There’s an adjustment period with Job — to settle back in after I’ve been out of the skin for a bit. And so much of what he does and says is quite different from my natural impulse. So I have to make sure I give myself a bit of a soak in the character before cameras roll. I wouldn’t say it’s “easier” but I would say I have more faith that I’ll find him if I put in that little bit of time.
GR: Banshee is infused with violence and sex. But after the initial shock wears off, it seems like an artistic choice, sort of like the excess of bullets flying around in a John Woo film. There’s something deeper under there. At the core of it, what does Banshee mean to you?
HL: Banshee, to me, is a continuation of American popular fiction — gothic fiction, detective fiction, comic books, pulp. Like many of those genres, and like sci-fi, I think it establishes its own rules — heightened drama, sex, violence — as a way of re-lensing common and persistent themes. Things like the search for identity, self-knowledge, reinvention. Or the bonds of loyalty and family. Innocence and corruption. Everyone in Banshee is sort of in the process of reinvention. Which is perhaps the single greatest American trope there is. So at its core, I think Banshee is about American reinvention in the face of forces that want to prevent that.
GR: You’ve always lived in the Northeast so is it a bit of a culture shock living in Charlotte during shooting?
HL: Yes! But in a good way. We’re only there part of the year so the change in climate, general civility and pace is actually very welcome. I get to enjoy it on its own terms, knowing I’m not really putting down permanent roots. Six months is long enough to feel you’re not really a tourist, but not long enough to grow tired of the good things on offer.
GR: Are you anxious to get back to the stage? I’m sure New York’s dying to see you tear it up again in person.
HL: I’m dying to — that still feels native to me. I get excited to do readings or workshops of new things in particular. Sadly the timing doesn’t always work out. Our hiatus is broken up by the holidays so it’s not always easy to commit to a theatre project on either side of the New Year. But stretching new muscles in the world of television and film is proving very rewarding. I’m learning a lot about the process as a whole, not just the relatively small part that is acting in a single role.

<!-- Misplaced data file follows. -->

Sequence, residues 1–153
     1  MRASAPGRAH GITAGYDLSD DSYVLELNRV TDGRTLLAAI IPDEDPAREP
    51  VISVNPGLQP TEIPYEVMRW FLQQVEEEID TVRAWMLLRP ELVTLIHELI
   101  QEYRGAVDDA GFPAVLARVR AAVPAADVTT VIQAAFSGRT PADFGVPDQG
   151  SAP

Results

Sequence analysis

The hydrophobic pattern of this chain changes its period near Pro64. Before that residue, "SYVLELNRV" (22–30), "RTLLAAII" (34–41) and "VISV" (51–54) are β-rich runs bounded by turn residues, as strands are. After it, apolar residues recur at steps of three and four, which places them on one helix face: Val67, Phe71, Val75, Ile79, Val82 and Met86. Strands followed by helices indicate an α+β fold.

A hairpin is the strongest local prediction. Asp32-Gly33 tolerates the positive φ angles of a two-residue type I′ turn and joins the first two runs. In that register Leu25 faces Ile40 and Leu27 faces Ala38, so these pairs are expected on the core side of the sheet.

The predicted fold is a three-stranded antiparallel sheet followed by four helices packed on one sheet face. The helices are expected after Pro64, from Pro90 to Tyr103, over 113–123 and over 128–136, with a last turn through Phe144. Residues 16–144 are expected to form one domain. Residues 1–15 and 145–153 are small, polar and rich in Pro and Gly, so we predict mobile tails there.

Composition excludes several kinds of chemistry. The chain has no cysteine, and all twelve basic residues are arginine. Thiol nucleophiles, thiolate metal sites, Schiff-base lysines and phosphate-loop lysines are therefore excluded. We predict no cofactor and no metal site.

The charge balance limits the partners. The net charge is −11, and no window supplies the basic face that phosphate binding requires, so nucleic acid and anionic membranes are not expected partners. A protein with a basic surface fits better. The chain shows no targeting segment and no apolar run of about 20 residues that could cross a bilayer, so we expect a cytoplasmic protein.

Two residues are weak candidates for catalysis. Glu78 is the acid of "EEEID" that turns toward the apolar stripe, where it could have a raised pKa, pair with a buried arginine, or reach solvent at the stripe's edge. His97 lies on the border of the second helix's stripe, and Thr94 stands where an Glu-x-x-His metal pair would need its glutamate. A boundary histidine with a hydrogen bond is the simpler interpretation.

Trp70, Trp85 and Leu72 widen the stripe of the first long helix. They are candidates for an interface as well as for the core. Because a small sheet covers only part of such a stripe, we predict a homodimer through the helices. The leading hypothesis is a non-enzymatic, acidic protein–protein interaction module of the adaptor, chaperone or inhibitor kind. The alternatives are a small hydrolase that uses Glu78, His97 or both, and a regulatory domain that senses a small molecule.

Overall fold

But yes. Dying to get back to stage. Would love to do some classics actually.
GR: Like a dirty little secret, people still get off on memories of Sides: The Fear Is Real by The Mr. Miyagi Theater Company. The last time the Miyagi crew was together, some were saying it felt like there was still unfinished business. Can the world expect an updated Sides at some point?
HL: Man, I don’t know! It’s very gratifying that people remember that show so fondly. But it’s been a really long time! I would never say “never” and if the right opportunity presented itself I’d leap at it. But the original show grew very organically and I wouldn’t want to force anything. I think when the time’s right something will pop into view.
GR: You’re like Jeremy Lin in some ways–Harvard guy goes and does the atypical, the unexpected. What advice do you have to younger people who want to pursue the arts but have hardass parents who are set on them going to medical school or worse?
HL: I’m so not like Jeremy Lin — as anyone who has seen me do anything athletic will tell you.